Adult female mosquitoes vehicle pathogenic microorganisms which cause debilitating diseases such as malaria. The most common insecticides defeat mosquitoes by targeting their nervous system. Nevertheless, the emergency of resistant strains hampers the efficacy of these treatments.
A solution to this problem has been identified by Rene Raphemot, Vanderbilt University School of Medicine, USA, and colleagues. The researchers discovered that the compound VU573 (pictured) inhibits mosquitoes’ inward-rectifying potassium channels. These molecules are located on the surface of renal cells and, by regulating the cellular flux of solutes, control the formation of urine. As a consequence, VU573 renders mosquitoes unable to produce and secrete urine, ultimately causing their death or preventing them to fly.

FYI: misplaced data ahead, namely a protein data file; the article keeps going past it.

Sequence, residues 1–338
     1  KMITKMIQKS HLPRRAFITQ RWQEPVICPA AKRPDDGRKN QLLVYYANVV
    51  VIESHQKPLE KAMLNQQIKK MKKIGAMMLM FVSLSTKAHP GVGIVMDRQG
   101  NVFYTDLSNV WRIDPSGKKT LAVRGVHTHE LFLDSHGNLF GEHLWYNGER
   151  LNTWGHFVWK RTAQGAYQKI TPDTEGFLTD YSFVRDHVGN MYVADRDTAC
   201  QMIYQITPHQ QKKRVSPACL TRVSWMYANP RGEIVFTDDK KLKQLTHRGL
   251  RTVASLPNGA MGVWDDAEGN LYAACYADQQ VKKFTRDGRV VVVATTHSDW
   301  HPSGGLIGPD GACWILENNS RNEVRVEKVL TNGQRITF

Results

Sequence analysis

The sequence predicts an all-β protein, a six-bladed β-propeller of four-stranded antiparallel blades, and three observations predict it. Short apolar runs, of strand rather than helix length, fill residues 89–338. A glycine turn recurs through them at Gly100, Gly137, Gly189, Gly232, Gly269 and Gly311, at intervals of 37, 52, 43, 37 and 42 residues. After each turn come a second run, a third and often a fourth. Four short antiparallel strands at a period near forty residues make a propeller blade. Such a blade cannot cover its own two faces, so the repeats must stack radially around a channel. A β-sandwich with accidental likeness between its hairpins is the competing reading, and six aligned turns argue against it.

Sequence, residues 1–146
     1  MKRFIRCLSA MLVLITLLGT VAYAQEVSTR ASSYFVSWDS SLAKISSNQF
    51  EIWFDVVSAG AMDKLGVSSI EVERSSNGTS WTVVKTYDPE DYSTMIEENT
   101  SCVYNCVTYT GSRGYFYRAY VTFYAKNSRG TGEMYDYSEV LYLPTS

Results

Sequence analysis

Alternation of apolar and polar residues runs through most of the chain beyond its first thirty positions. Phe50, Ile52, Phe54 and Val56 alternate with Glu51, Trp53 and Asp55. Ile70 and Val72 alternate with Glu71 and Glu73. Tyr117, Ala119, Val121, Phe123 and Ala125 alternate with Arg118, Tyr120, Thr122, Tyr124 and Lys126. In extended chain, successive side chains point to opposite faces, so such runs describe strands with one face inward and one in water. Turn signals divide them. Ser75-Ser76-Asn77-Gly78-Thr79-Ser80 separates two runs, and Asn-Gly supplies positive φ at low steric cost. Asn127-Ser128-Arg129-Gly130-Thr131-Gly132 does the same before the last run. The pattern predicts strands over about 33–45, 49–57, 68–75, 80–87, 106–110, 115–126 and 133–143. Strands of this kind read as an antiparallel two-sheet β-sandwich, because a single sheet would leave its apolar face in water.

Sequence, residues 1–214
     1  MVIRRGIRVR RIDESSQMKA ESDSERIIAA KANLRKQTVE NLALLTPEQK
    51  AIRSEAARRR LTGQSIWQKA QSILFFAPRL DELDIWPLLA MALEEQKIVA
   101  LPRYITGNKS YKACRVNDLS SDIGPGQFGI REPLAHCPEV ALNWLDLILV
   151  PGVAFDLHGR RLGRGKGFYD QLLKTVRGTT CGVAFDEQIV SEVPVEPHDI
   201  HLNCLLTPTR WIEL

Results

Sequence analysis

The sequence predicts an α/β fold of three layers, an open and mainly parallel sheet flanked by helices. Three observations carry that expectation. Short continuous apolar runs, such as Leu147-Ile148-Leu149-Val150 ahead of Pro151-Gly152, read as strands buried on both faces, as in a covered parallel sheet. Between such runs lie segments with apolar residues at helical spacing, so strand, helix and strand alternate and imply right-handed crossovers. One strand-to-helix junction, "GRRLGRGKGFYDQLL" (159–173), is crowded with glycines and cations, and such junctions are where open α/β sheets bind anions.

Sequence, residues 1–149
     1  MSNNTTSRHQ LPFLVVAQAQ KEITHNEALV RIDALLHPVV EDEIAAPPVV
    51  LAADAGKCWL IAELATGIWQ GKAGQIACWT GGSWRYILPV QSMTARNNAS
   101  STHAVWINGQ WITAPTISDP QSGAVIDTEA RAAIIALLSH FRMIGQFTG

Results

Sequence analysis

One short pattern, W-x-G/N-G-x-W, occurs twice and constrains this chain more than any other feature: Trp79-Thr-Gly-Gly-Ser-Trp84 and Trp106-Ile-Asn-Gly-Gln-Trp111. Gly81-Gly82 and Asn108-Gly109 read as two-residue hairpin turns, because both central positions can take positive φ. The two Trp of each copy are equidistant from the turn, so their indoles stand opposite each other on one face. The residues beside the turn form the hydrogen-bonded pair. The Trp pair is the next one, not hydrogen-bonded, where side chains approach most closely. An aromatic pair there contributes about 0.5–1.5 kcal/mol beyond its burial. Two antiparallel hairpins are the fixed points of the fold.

VU573 could, therefore, constitute a novel class of insecticides.
- Eliciting Renal Failure in Mosquitoes with a Small-Molecule Inhibitor of Inward-Rectifying Potassium Channels,
Immo A. Hansen, Rene Raphemot, Matthew F. Rouhier, Corey R. Hopkins, Rocco D. Gogliotti, Kimberly M. Lovell, Rebecca M. Hine, Dhairyasheel Ghosalkar, Anthony Longo, Klaus W. Beyenbach, Jerod S. Denton, Peter M. Piermarini,
PLoS ONE 2013, 8, e64905.